ONCE UPON A TIME IN HOLLYWOOD and the Art of Recreating an Era

29 Jul

Quentin Tarantino’s newest film offers a love-letter to the pop culture of the 1960s—films, television, music, celebrities, parties, etc. He takes the careers of three distinct individuals, two fictional, one real, employed in the film and TV industry in 1969 and uses incidents in their lives, including numerous flashbacks spanning the 1960s, to depict what it was like to live and work in the industry town of Los Angeles at the time. The key figure is Rick Dalton (Leonardo DiCaprio), a onetime star of a TV western now reduced to guest shots as “villain of the week” in assorted network TV dramas and faced with the dilemma of how to resuscitate his stardom or just settle for life as a working actor. The second figure is Cliff Booth (Brad Pitt), Dalton’s stuntman, who, when not doubling Dalton in a film or TV role, is acting as Dalton’s chauffeur, handyman and paid companion. (Dalton lives in a sprawling ranch house on Cielo Drive in the Hollywood Hills, while Booth lives miles away in a trailer parked near an oil rig behind a drive-in theater in Van Nuys.)

The third figure is a portrayal of an actual person, actress Sharon Tate (Margot Robbie), a beautiful blonde who was a rising star in 1969, after having garnered attention with showy supporting roles in such films as DON’T MAKE WAVES, VALLEY OF THE DOLLS and THE WRECKING CREW. The film doesn’t get too close to Tate but offers glimpses of her everyday life, attending parties with her husband, film director Roman Polanski (played by Rafal Zawierucha), and hanging out with other glamorous friends, including another real-life actress, Joanna Pettet (played by Rumer Willis). Tate comes off as a wide-eyed free spirit, trusting, in love with life and totally unself-conscious. We never see her at work. Her house is just up the road from Dalton’s. Her only extended solo scene finds her visiting the Westwood area of Los Angeles and stopping in at a movie theater showing one of her films, THE WRECKING CREW, to revel in the spectacle of seeing herself on the big screen. She even gets the manager to let her in for free after convincing him that she’s one of the stars of the movie.

Lurking about ominously throughout the film are the real-life figures of Charles Manson and members of his “family.” Cliff Booth even makes an extended visit to the Spahn Movie Ranch, a rundown western set where the Manson family had made their home. (The location used in the film is another derelict western set, Corriganville.) In real life, Tate would be murdered in her home, with four of her friends, on the night of August 8, 1969 by members of the Manson family. Tarantino’s film begins on February 8, 1969 and ends on August 8, 1969. I will say no more about any of the plot elements in the film nor will I hint at what happens at the end.

As someone who was an active moviegoer in 1969, I’ve chosen to focus on the nature of the recreations Tarantino offers of the various films and TV shows that Dalton, Booth and Tate are involved with. As usual with Tarantino, he’s less interested in factual recreations than in the heightened imaginary versions he’s created in his mind, which can sometimes be more compelling than the originals. He takes considerable dramatic license, carefully sculpting the Hollywood universe of the time to resemble the real one he vividly recalls, but revising it in varying degrees to conform to the way he wished it was. I’d like to point out those moments of dramatic license.

We start with the black-and-white film clip that opens the film. It’s a promotional spot done by NBC to tout Dalton’s early ’60s TV western hit, “Bounty Law.” We see a typically unctuous TV host, “Allen Kincaid” (played by Spencer Garrett) sitting down for an on-set backlot interview with two men, Rick Dalton and Cliff Booth, who is quickly identified as Dalton’s stunt double. As I recall, this kind of thing was unheard of back then. No TV star would admit to having a stunt double, let alone bring him out to be interviewed on camera.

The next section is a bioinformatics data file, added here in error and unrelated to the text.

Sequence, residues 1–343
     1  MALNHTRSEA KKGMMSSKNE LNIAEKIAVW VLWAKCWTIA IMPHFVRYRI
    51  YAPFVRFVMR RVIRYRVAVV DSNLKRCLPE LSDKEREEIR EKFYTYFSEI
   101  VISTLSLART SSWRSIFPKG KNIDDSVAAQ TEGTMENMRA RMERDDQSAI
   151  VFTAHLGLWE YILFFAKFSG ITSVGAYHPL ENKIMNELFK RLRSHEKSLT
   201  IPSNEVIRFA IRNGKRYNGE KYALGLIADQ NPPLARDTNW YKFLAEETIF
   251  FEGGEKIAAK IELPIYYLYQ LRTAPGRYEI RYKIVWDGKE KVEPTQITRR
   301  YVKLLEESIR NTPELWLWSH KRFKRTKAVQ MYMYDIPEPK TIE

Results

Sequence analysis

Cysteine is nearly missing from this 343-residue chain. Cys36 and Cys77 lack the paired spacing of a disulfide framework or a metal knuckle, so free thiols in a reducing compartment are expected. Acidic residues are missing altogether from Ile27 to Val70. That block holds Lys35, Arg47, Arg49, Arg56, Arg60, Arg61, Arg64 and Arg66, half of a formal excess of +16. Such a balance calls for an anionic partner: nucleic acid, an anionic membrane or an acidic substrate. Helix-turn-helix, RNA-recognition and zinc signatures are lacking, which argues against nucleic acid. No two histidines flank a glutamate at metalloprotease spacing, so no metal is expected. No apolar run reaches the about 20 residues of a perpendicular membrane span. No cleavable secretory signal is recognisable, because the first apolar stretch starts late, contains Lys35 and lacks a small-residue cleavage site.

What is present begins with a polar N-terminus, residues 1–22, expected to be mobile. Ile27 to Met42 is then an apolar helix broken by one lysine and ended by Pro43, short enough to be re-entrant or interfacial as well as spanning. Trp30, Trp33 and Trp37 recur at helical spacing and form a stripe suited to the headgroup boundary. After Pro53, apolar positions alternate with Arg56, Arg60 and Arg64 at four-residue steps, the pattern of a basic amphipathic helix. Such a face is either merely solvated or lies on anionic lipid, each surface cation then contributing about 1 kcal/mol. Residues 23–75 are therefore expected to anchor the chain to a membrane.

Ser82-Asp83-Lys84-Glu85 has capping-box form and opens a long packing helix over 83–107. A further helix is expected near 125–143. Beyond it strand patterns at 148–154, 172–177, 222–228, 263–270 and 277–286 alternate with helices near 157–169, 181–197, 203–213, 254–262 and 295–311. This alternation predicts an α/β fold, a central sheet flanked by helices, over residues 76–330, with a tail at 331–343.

I can, of course, understand why Tarantino did this. We need to see how dependent Dalton is on Booth and why Booth feels so obligated to Dalton. Pointing out on national television how crucial one’s stuntman is to one’s career insures the stuntman’s continuing loyalty even as rough spots pop up in the star’s later career. It explains a lot about their relationship.

ADDENDUM: I stand corrected. I just found a photo of Guy Madison, star of “Wild Bill Hickok,” posing with his stuntman, Dick Farnsworth. (Thanks to Paula Vitaris of Silver Screen Oasis.)

Then we see clips from the TV series, which is evidently modeled on Steve McQueen’s western hit, “Wanted Dead or Alive.” Jake Cahill, Dalton’s bounty hunter character in “Bounty Law,” freely admits to never bringing them in alive. He says something like “Amateurs try to bring them in alive. And amateurs wind up dead.” Network censors would never have allowed a character to be so bloodthirsty. And, in McQueen’s case, his bounty hunter, Josh Randall, did indeed do his very best to bring them in alive.

We also see Cahill in quick clips of various shootouts with the outlaws he’s pursuing, including one where he quickly guns down four in a row, much like Clint Eastwood did when faced with four miscreants in an early scene of A FISTFUL OF DOLLARS, Eastwood’s first Italian western. (Eastwood, like Dalton, got his start as star of a TV western, “Rawhide,” in Eastwood’s case.)

That kind of body count began with Italian westerns and not with American TV westerns. But then, every recreated clip in Tarantino’s film amps up the level of violence beyond what it would have been.

We later see a clip from a war movie Dalton co-starred in sometime after his TV series ended and called 14 FISTS OF MCCLUSKEY, in which Dalton’s eye-patch-wearing Nazi-hunting character bursts in on a meeting of top Nazi officers planning some nefarious operation and burns them all alive with a flame thrower.

It’s quite a spectacular burst of violence that recalls the scene at the end of THE DIRTY DOZEN (1967) when members of the Dozen pour gasoline into the air vents leading to the chateau basement where the Nazi officers and their women companions are hiding from the Dozen’s attack and then drop hand grenades into the vents, followed by football star Jim Brown doing a spectacular run to drop live grenades down each vent and then try to get out of there before the whole place explodes.